14 Jun 2006

Reuven is the first-born son of Yaakov and Leah. His mother, who is less-loved than her sister and co-wife, Rachel (The Torah will later forbid the marrying of two sisters at the same time), feels the sting of that fact throughout her life, as is seen in the names that she gives her sons. In the case of Reuven, the Chumash says “Leah conceived and bore a son, and she called his name Reuven, for she declared, ‘Because HaShem has discerned (ra’ah) my humiliation; now my husband will love me.” (Bereshit 29:32)

In “Birchot Yaakov,” Yaakov says, “Reuven, you are my firstborn, my strength and my initial vigor, foremost in rank and foremost in power.” (Bereshit 49:3) You should have had all the blessings of the firstborn – first in inheritance, first with regard to kingship, and first with regard to service of HaShem in the Temple. But you have a fatal flaw; “Impetuous as water, you cannot be foremost…”

The first time we see Reuven acting in a manner not befitting his position in the family is after the death of Rachel. We find the following verses, where Yaakov is referred to as Israel, “Israel journeyed on, and he pitched his tent beyond Migdal-Eder. And it came to pass… that Reuven went and lay with Bilhah, his father’s concubine…” (Bereshit 35:21-22) That would be an unbelievable act if it were literally true. Therefore, Rashi, based on the Gemara in Shabbat 55b, explains what happened as follows: “…When Rachel died, Yaakov moved his bed, that had been placed in the tent of Rachel, into the tent of her handmaiden, Bilhah. Reuven came and contested this shaming of his mother. He said, ‘If my mother’s sister was her rival, that’s one thing, but that her handmaiden should be a rival as well, that is intolerable!’ Therefore, he moved his father’s bed to his mother’s tent.” Rashi 35:22, text beginning “He mixed up” Because Reuven entered into matters that were none of his business, the Torah used such strong language to describe his act.

Another time we see Reuven in action or, better, inaction, is when the brothers of Yoseph are considering how to treat him as he approaches them in Dotan. Shimon and Levi suggest that they kill him for his inexcusable behavior towards the brothers, but Reuven will have none of that. “Reuven hears the plan and he rescues him, and he says, ‘We will not kill him with our hands.’ And Reuven further says to them, ‘Do not shed blood; rather, throw him into this pit in the Wilderness, but do not strike him with your hand…’ ” (Bereshit 37:22) But Reuven’s intention was not to leave him there to die, according to the testimony of the Torah itself, according to Rashi, but rather “…it was for the purpose of saving him from their hands, and to return him to his father.” Then Reuven leaves the scene temporarily, for reasons debated in the Midrash. But in his absence, a caravan of Ishmaelite traders passes by and the brothers, at Yehudah’s suggestion, sell Yoseph to them. “Reuven returned to the pit and behold, Yoseph was not in the pit! And he tore his garments. He returned to the brothers and said, ‘The lad is not here, and I, where shall I go?’ ” (Bereshit 37:29-30) Here we have another occasion when Reuven acted inappropriately for the eldest of the brothers. If his intention was to return Yoseph to his father, he should not have feared his brothers’ response, and carried out his intention!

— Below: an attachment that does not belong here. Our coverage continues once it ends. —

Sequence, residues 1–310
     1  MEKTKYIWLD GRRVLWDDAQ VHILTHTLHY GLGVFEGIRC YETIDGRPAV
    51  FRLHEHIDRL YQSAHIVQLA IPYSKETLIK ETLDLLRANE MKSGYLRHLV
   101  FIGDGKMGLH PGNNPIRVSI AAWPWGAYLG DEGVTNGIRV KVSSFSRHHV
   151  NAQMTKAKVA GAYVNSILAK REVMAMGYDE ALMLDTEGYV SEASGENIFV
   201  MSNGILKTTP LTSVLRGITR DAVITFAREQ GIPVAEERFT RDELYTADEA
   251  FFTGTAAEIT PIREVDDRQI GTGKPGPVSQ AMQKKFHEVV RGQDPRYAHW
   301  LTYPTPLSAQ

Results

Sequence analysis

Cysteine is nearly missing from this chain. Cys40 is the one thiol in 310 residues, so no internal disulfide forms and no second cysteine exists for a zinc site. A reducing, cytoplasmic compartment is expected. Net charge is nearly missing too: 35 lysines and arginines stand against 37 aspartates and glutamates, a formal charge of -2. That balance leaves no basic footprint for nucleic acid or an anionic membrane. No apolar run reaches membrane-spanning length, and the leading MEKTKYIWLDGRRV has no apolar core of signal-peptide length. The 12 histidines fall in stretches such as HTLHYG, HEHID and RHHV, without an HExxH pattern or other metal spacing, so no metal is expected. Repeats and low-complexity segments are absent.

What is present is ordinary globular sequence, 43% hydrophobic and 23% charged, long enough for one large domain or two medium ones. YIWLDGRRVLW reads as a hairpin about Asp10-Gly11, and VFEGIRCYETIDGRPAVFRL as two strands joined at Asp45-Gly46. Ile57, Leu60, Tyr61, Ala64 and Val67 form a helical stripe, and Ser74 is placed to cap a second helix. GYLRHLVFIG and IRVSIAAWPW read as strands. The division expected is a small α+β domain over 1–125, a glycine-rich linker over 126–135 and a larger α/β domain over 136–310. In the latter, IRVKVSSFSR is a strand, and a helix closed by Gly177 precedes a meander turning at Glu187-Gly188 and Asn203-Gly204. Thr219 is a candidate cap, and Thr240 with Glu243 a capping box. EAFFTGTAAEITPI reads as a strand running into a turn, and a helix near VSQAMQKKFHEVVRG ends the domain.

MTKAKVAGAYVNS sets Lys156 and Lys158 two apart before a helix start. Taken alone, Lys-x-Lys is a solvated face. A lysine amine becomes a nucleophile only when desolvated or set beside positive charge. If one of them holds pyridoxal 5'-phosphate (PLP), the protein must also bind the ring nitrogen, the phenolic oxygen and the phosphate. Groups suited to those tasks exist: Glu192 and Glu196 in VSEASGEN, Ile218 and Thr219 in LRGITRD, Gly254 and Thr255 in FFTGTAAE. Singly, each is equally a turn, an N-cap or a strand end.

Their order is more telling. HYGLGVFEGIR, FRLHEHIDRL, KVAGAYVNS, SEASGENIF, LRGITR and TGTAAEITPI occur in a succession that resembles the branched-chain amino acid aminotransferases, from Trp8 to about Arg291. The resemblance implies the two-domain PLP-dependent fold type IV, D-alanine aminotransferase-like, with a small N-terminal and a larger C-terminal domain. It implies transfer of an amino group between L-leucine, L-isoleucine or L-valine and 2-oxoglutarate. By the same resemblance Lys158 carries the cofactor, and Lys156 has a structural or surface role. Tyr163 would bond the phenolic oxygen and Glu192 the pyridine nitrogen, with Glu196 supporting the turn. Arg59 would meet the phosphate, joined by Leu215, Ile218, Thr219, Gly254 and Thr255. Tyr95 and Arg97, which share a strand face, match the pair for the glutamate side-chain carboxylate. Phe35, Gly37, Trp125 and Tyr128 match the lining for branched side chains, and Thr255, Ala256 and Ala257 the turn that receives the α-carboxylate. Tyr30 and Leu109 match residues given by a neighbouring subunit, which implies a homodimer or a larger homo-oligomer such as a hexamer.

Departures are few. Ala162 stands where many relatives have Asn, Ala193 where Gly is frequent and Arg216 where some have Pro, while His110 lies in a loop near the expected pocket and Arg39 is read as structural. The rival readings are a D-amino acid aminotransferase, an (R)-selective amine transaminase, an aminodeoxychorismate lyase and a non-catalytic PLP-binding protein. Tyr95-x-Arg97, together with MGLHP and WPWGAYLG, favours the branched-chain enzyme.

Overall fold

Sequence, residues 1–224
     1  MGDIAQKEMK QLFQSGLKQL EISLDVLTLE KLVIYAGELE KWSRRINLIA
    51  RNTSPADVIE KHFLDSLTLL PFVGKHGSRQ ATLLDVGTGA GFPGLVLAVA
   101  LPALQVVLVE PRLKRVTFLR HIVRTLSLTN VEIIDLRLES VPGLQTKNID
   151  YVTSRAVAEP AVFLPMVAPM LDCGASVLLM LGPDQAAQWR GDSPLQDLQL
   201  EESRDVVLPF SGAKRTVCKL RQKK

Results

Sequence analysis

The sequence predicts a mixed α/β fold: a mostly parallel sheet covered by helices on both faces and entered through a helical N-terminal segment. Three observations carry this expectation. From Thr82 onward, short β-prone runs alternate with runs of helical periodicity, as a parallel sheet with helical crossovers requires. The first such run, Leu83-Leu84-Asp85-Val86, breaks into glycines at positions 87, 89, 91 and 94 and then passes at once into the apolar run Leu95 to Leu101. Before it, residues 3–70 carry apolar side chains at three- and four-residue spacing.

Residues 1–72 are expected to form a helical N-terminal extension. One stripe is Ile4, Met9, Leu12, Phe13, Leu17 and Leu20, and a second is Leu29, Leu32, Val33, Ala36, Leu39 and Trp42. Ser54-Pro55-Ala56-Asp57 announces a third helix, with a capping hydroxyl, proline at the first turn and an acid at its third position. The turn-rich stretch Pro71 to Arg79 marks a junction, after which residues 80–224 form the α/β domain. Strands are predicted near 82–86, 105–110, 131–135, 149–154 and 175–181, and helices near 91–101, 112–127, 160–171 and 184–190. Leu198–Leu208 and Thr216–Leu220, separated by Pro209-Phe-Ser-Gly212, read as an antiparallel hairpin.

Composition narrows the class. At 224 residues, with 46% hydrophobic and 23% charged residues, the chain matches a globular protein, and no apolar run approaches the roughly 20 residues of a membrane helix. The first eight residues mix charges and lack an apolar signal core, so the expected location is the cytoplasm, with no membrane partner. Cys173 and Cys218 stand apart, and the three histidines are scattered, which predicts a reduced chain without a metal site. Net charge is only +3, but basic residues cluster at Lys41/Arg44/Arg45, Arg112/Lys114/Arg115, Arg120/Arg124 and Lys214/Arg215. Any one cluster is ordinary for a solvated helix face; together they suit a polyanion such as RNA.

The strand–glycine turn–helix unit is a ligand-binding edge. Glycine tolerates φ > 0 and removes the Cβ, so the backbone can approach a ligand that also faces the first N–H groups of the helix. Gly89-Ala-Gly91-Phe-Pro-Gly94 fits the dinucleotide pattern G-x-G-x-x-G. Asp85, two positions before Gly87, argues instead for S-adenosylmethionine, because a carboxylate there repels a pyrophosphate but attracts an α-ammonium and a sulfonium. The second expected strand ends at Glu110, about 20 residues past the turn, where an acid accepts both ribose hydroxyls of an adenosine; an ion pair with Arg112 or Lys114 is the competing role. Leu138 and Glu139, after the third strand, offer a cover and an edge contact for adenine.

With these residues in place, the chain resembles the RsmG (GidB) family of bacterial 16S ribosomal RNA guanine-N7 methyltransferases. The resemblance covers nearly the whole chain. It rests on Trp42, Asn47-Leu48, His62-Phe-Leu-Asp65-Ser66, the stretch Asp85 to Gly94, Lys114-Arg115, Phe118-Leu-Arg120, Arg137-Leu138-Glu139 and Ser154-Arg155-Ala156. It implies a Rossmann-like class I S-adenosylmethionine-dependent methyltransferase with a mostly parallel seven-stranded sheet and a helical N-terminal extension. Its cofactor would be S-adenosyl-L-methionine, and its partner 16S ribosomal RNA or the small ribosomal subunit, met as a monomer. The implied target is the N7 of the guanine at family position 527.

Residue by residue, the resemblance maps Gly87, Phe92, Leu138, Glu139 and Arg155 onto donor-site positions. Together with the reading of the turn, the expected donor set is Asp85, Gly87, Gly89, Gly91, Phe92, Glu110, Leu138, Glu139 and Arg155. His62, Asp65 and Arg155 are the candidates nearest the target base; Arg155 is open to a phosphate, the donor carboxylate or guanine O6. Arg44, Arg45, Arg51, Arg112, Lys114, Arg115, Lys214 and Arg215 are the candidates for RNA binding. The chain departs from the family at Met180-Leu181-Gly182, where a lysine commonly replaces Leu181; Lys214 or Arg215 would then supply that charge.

Another occasion where Reuven falls short is when Yoseph, now viceroy of Egypt, has accused the brothers of spying. He has demanded that they not return without Binyamin, the youngest of the brothers. Yaakov hesitates to send Binyamin, fearing a recurrence of the tragedy of Yoseph. Reuven then says to Yaakov, “You can kill my two sons if I fail to return him to you…” (Bereshit 42:37) Yaakov’s response is, “…My son will not go down with you…” (Bereshit 42:38), and Rashi’s comment is, “He did not accept the suggestion of Reuven, saying ‘This is a foolish firstborn. He says I could kill his sons. Are they indeed his sons, and not also mine?’ ” (Rashi on Bereshit 42:38)

For the reasons mentioned above, Yaakov demotes Reuven from his leadership role, but retains him among the ranks of his sons. Moshe Rabbeinu, in VeZot HaBerachah, also prays, “Let Reuven live and not die, and may his numbers be great!” (Devarim 33:6)

In the Book of Shophtim, we find an account of a great battle between Israel and Canaan. Some of the Tribes of Israel act heroically and some Tribes just procrastinate. The Tribe of Reuven is in the latter category. Devorah sings mockingly “Among the divisions of Reuven, great were the deliberations!” (Shophtim 5:15)

The Bible tells us, in its portrait of Reuven, of a tragic figure who could have been king, but due to a weakness in his personality, was demoted from that greatness.